11. Emilia aka Trudi is a wonderful coach ,teacher,and a great mother to her son. She is kind hearted and very caring. She takes her time and pours all of her heart and soul into her girls. She has not let her past keep her from the sport that she loves.We are so blessed to have her in our childrens lives. Thank you Karolyis for making her a wonderful person. You taught her what not to be.She has learned from your mistakes. That which does not kill you will only make you stronger! and in Trudi's case she is stonger!!!! WE LOVE YOU TRUDI!!!!!!

  12. as much as I believe in brutal ways of some coaches, there's one question that keeps bugging me. The gymnasts trains many hours a day, it's difficult for me to believe that it's possible with as extreme diet as the one that Szabo described. I mean, common, even for a normaly functionning human being it wouldn't be enough and at some point the body would stard consuming itself. For a gymnast, it would be a very fast process. But they all, while look slim, thin even, they definitely do not look like anorectics or victims of concetration camp (which is basically what they are describing). How's that possible?

  13. LG, find yourself some old photos and/or videos of Emilia Eberle and you'll be shocked. She was shockingly thin throughout her career, not to mention distinctly unhappy-looking. It's not hard to believe she was starved and otherwise maltreated. The girls on the 1979 Worlds team (including Nadia) were rail thin. They looked distinctly unhealthy. It was blamed on food poisoning at the time, but Rodica Dunca's story makes it sound like the girls were subjected to an extreme diet under which they weren't even allowed to drink water. We have our reservations about some parts of Dunca's story, but that part, unfortunately, sounds true.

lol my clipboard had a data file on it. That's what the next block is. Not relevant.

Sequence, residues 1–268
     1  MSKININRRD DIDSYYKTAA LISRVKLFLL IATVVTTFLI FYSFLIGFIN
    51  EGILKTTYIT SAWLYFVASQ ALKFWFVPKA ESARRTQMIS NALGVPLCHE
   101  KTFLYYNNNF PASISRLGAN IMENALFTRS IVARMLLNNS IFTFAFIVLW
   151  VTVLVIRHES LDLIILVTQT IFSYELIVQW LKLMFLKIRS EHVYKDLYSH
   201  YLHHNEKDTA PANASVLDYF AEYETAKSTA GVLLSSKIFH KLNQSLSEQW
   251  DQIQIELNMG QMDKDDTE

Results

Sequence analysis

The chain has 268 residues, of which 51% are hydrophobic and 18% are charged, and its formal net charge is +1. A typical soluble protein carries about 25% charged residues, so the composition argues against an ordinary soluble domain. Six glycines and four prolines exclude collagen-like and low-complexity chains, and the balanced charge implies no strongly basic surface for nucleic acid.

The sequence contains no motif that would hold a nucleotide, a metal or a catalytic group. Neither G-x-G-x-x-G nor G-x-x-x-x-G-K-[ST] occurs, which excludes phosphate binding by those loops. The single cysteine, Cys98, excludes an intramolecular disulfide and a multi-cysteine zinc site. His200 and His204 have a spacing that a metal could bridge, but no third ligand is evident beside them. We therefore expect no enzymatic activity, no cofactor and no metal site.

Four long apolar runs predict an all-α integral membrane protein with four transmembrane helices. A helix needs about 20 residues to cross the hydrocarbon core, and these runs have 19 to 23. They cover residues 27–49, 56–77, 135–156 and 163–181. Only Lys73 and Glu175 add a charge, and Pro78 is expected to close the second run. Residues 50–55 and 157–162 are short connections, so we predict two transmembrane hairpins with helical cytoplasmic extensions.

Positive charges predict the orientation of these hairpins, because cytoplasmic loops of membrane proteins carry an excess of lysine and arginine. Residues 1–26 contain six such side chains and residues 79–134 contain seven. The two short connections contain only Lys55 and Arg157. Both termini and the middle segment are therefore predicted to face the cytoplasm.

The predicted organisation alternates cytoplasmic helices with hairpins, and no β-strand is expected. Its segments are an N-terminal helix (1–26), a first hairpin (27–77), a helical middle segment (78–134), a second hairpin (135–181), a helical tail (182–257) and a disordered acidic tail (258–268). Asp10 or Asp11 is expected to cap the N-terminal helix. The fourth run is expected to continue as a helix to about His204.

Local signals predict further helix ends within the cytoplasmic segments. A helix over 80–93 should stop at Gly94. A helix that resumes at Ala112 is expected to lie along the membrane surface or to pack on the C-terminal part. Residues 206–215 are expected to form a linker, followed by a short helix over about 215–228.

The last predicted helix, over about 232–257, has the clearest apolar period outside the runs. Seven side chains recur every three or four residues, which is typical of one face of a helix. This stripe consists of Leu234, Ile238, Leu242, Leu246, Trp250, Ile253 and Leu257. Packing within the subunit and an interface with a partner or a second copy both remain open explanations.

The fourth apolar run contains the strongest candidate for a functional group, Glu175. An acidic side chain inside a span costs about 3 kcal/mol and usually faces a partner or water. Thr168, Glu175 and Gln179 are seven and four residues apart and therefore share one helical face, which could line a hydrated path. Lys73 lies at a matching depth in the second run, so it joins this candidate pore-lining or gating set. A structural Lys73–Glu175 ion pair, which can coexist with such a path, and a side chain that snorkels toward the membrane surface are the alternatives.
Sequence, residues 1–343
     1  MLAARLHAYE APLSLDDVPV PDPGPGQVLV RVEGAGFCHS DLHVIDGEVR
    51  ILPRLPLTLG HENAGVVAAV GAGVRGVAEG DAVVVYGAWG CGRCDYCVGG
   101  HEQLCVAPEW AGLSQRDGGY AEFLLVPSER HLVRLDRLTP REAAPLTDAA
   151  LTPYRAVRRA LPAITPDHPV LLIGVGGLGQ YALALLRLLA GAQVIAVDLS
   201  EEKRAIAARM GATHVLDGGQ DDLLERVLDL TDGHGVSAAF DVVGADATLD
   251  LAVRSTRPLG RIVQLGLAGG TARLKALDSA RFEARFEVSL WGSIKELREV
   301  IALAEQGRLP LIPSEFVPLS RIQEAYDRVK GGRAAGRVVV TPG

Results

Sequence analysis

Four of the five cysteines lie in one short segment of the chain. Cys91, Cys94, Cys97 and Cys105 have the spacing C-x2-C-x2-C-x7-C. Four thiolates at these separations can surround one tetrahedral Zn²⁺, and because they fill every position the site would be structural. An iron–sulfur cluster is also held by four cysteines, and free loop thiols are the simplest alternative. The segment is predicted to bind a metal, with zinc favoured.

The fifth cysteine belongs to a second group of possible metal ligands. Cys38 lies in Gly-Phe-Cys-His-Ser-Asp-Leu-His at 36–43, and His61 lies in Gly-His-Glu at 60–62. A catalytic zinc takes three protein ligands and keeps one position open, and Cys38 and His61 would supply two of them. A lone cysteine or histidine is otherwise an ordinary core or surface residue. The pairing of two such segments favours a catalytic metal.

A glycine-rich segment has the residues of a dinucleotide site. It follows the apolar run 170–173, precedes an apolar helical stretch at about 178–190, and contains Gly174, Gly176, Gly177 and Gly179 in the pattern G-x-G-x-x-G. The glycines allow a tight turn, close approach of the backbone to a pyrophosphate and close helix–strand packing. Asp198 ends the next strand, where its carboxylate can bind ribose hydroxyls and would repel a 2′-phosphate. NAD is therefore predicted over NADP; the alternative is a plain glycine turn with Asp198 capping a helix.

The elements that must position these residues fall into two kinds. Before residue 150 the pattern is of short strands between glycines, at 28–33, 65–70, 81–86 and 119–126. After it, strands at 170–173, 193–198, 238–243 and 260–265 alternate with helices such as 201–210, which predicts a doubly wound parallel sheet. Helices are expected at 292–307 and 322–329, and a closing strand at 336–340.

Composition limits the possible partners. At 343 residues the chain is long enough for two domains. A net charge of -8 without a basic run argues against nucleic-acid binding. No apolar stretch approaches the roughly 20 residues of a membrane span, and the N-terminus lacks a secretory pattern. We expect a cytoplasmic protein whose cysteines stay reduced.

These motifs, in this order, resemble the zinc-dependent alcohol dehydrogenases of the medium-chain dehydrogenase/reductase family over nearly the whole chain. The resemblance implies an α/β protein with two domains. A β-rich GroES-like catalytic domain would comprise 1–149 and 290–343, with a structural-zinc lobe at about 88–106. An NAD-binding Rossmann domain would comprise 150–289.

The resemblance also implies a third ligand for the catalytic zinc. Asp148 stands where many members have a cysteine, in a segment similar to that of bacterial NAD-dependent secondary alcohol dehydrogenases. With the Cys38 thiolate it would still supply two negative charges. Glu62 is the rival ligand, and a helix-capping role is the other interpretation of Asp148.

14. As a Romanian gymnast during Bela’s “regime”, I can attest that we were subjected to beatings, starvation, and long hours of training. We were kept away from family and not allowed to make phone calls. We all went to the same boarding school and kept under constant and strict supervision. I was beaten with thorny branches from a rose bush outside. I broke my arm during a training exercise and was forced to train for a week w/o seeking any type of medical care. I mustered up the courage to sneak out and call my mom in the middle of night to complain. Needless to say, after 3 years of mistreatment and abuse, my mom finally learned of what was happening and pulled me out. Oh yeah, and the doc had to re-break my arm in order for it to heal correctly. Just reading these stories brings me back to that era of a small frightened child. The end does not justify the means.